8. FerryMon: Using ferries as hydrochemical observatories in estuarine and coastal waters

    NASA Astrophysics Data System (ADS)

    Paerl, H.; Guajardo, R.; Peierls, B.; Rossignol, K.; Braddy, J.

    2007-12-01

    Estuaries are among the most productive and resourceful aquatic ecosystems on Earth. They are strongly influenced by hydrochemical stressors, including nutrient enrichment and climatic factors such as droughts, storms and floods. Clarifying how estuaries respond to these stresses will provide an understanding of how hydrologic and chemical processes control ecological condition and change of these ecosystems. This understanding will greatly benefit from a spatially and temporally-intensive observational program, which, when coupled to modeling will help predict future responses to external anthropogenic (nutrient) and climatic (hydrologic) perturbations. North Carolina's Pamlico Sound System (PSS) is the Nation's second largest estuary. It exemplifies the impacts of human development (eutrophication) and large climatic perturbations (hurricanes). We are using 3 NC DOT ferries to conduct unattended hydrochemical monitoring of water quality, habitat and ecological condition of the PSS. This program, FerryMon (www.ferrymon.org), uses temperature, salinity, pH, dissolved oxygen, turbidity, and chlorophyll a sensors coupled to discrete sampling of nutrients, organics, photopigment and molecular indicators to assess water quality in a near real-time manner over a range of relevant physical, chemical and biological time scales. An autonomous vertical profiler (AVP), equipped with sensors similar to those on the ferries, provides complementary vertical profile data. This capability is timely given unprecedented human development and a period of elevated tropical storm and hurricane activity affecting coastal water quality and habitat conditions and fisheries resources. FerryMon is used to calibrate remotely sensed indicators of water quality (photopigments, turbidity), facilitating scaling up to the ecosystem level. It is integrated with complementary observational programs (LTERs, NEON, ORION, WATERS, SEACOOS), and it supports interdisciplinary research aimed at

  9. Study of the Impact of Submarine Groundwater Discharge on the Bio-Geochemical Parameters of Coastal Waters off Southern Portugal

    NASA Astrophysics Data System (ADS)

    Kontar, A. Y.; Newton, A.

    2009-12-01

    We are working on the estimation of the impact of submarine groundwater discharge (SGD) on the bio-geochemical parameters of coastal waters in Atlantic off Portugal. It is important to obtain reliable quantitative estimates of both in coming and outgoing fluxes of fresh cold waters. In situation that incoming groundwater is cold enough to occupy the lower part of the stratified water column on the shelf, transport processes in the bottom boundary layer dominate the removal of discharged water from the coastal zone. Physical mechanisms of such removal seem to be similar to the mechanisms of dense water cascades off the continental shelf over the shelf break. Cascading is a specific type of thermohaline circulation, in which dense water formed over the continental shelf descends down the continental slope to a greater depth. This process is a major component of ventilation of intermediate and abyssal waters, hence affecting thermohaline circulation and global climate. The resulting flows produce an irreversible exchange of oceanic and shelf waters and take an important role in bio-geochemical cycles by removal of phytoplankton, carbon and chlorophyll from productive areas. Because it can take decades or more for the subducted water to re-surface, water cascades contribute to long term climatic variability. It is common to consider formation of dense water by cooling, evaporation or freezing in the surface layer. SGD can provide an alternative mechanism of dense water formation on the shelf. In the framework of the ERASMUS MANDUS project we investigate the physical mechanisms of the removal of SGD water from the Algarve coastal zone to try to get a quantification of off-shore fluxes and transport pathways for SGD and chemical species from the shelf through numerical modeling of the processes in the bottom boundary layer. We are using numerical modeling of the SGD fluxes and transport pathways of dense water flow in the bottom boundary layer using a set of process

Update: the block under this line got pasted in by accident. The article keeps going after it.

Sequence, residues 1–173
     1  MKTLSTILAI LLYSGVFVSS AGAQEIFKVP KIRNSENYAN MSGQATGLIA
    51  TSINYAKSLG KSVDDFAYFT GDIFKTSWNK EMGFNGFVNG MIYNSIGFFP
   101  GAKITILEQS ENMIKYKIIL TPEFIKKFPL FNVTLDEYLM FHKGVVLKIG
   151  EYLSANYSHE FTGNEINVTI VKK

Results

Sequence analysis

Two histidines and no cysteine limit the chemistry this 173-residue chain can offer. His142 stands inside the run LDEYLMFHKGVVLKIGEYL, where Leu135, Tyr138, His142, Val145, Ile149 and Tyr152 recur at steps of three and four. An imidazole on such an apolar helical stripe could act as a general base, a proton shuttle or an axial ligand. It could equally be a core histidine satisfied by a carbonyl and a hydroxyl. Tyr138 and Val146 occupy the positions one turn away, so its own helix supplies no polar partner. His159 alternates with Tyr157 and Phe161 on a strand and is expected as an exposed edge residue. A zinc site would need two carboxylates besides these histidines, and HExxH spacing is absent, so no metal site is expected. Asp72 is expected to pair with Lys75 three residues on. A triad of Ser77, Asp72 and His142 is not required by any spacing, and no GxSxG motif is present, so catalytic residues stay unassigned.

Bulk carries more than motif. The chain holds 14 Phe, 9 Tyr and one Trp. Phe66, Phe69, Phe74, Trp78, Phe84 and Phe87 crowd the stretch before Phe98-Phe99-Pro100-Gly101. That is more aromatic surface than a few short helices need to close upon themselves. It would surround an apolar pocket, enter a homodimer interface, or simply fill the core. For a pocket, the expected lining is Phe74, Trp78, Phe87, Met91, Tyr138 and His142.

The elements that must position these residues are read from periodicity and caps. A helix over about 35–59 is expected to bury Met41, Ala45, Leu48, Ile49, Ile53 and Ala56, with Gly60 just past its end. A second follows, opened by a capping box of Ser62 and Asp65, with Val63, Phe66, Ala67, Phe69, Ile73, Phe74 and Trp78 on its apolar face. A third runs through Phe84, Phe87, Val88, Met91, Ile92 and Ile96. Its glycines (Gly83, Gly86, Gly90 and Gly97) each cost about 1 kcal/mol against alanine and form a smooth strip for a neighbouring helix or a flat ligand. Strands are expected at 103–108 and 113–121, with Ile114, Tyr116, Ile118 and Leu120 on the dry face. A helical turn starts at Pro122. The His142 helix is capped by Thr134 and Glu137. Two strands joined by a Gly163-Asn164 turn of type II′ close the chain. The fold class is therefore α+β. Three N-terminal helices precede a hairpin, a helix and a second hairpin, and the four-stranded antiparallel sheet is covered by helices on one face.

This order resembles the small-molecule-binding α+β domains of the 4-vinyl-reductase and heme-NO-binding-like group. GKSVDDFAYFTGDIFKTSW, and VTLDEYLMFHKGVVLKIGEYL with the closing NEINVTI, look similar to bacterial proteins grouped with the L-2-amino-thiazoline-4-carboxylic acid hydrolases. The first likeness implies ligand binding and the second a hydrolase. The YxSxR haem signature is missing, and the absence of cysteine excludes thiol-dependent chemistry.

10. Thermal regime of shallow water bodies in the coastal tundra zone of the Hudson Bay Lowlands

    NASA Astrophysics Data System (ADS)

    Duguay, C. R.; Soliman, A. S.; Macrae, M. L.

    2011-12-01

    Many shallow lakes and ponds of the Arctic/sub-Arctic contain thick, organic-rich sediments, which have the potential to release significant amounts of CO2 or CH4 to the atmosphere if sediment decomposition rates increase in response to warmer temperatures caused by global warming. This may be exacerbated by a deepening of the seasonal sediment thaw depth in small water bodies that are underlain by permafrost. An important step in linking climatic conditions to rates of organic matter decomposition and gas production from shallow water bodies is an improved understanding of the thermal properties of lake sediments and how sediment temperatures fluctuate in response to changing air temperatures. This knowledge is also important if the ratio of terrestrial to aquatic landscape units in cold regions changes under a warmer climate. One approach that has been used in terrestrial permafrost environments is the examination of how mean annual permafrost surface temperature deviates from mean annual 2-m screen height air temperature (MAAT). The offset between MAAT and the mean annual sediment surface temperature (MASST) has been found to be much larger in deep aquatic systems (greater than 10 m) than in terrestrial permafrost systems due to the presence of the water column that can efficiently transfer heat through mixing. However, the efficiency of heat transfer in shallow water bodies is expected to larger in summer (thawed) than in winter (frozen) conditions, when thermal energy must move by conduction alone. The present study examined the efficiency of sediment heat transfer in shallow water bodies (less than 3 m) during summer and winter periods. Air, sediment and water temperatures of three shallow water bodies in the coastal tundra zone of the Hudson Bay Lowlands near Churchill, Manitoba, Canada were monitored (December 2009-August 2011). Arrays of thermistors and heat pulse probes were placed at 10 cm increments between 20 cm above the water/sediment interface and